GENOA, Italy /MILAN (Reuters) – Italy’s biggest builder Salini Impregilo and shipbuilder Fincantieri have won the contract to rebuild a bridge that collapsed in August, killing 43 people, in the port city of Genoa.
The project will cost 202 million euros ($230 million)- excluding value added tax – and be completed in 12 months, Marco Bucci, the special commissioner appointed by the government to oversee the reconstruction, said on Tuesday, confirming what sources told Reuters earlier in the day.
The concrete bridge, the responsibility of infrastructure group Atlantia’s unit Autostrade per l’Italia, collapsed on Aug. 14, severing part of a motorway linking Genoa with southern France.
That put at risk the activity of the port, which last year accounted for 1.5 percent of Italy’s gross domestic product.
“Twelve months to help re-launch Genoa … that is the dream that we are hoping to give the Genoese before Christmas in memory of the victims of this terrible tragedy,” said Pietro Salini, chief executive of Salini Impregilo.
Public works will kick start the economy and create jobs again, Salini added.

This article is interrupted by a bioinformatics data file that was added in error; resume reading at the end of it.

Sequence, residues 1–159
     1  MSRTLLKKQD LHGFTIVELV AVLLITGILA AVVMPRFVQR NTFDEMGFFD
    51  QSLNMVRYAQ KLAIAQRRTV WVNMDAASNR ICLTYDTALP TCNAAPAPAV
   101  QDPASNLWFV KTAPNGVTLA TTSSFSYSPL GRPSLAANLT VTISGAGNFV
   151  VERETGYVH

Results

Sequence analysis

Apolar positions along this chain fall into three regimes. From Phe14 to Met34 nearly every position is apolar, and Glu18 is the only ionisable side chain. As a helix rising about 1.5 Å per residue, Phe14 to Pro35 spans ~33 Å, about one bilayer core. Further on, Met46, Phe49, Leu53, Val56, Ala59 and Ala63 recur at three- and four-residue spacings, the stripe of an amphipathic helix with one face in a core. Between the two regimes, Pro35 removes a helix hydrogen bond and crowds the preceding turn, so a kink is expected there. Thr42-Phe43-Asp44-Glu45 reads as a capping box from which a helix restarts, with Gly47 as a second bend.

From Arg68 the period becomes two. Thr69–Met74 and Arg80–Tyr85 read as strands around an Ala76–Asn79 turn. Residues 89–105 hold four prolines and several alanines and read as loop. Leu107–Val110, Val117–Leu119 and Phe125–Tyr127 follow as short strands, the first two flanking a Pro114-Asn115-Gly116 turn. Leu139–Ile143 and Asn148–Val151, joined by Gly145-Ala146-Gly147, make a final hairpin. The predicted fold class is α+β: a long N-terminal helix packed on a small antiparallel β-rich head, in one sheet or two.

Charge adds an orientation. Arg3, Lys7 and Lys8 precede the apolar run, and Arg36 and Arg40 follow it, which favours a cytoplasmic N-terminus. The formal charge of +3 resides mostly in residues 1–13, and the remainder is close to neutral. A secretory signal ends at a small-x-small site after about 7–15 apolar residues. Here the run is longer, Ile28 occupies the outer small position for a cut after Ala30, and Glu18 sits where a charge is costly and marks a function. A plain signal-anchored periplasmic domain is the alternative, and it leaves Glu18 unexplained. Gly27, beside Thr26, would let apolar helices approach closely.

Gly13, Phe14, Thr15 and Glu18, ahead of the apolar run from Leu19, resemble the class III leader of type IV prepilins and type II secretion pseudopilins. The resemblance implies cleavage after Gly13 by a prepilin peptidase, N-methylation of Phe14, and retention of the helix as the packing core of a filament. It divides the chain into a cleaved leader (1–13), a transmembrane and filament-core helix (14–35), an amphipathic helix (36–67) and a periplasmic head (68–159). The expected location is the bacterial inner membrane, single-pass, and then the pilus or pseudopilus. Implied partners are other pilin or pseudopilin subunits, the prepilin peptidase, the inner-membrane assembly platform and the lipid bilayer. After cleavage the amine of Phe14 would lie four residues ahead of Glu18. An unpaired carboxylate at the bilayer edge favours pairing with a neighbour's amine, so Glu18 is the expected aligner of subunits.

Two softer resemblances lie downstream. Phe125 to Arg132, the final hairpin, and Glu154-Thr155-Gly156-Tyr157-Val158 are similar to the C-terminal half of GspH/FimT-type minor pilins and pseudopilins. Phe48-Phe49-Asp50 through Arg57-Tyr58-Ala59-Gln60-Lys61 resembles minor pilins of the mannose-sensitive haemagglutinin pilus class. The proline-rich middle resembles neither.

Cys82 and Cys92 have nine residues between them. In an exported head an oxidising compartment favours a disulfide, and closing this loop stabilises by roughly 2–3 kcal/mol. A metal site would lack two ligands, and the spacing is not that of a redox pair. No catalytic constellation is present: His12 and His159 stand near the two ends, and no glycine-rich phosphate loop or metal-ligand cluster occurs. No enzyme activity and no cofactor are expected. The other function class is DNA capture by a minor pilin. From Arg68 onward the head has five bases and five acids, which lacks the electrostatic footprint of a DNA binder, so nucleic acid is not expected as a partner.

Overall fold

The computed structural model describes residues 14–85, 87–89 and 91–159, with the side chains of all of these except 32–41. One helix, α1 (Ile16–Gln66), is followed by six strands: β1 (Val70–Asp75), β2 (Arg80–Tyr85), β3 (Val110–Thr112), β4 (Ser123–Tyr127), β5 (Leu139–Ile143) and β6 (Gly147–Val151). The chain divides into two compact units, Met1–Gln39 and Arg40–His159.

Famed Genoa-born architect Renzo Piano, who donated a proposal for the new viaduct, has agreed to supervise the works, Bucci, who is also the mayor of Genoa, said during a news conference.
The government blamed Autostrade for the disaster and decided to exclude the business from the reconstruction project, even though it will have to pay for it.
Autostrade and some of its top managers are under investigation for the collapse. Atlantia, controlled by the Benetton family, has put aside 350 million euros to cover the estimated cost of rebuilding.
“We promised the families of the victims that Autostrade would not even place a stone and that’s the case,” Deputy Prime Minister Luigi Di Maio said in Rome.
Autostrade is planning to file a legal challenge against the government decree that excludes it from rebuilding the viaduct.
Italferr, a unit of state-owned railway company Ferrovie dello Stato, will also be involved in the project, the transport ministry said in a statement.
(Reporting by Paola Balsomini; Writing by Francesca Landini; Editing by Mark Potter)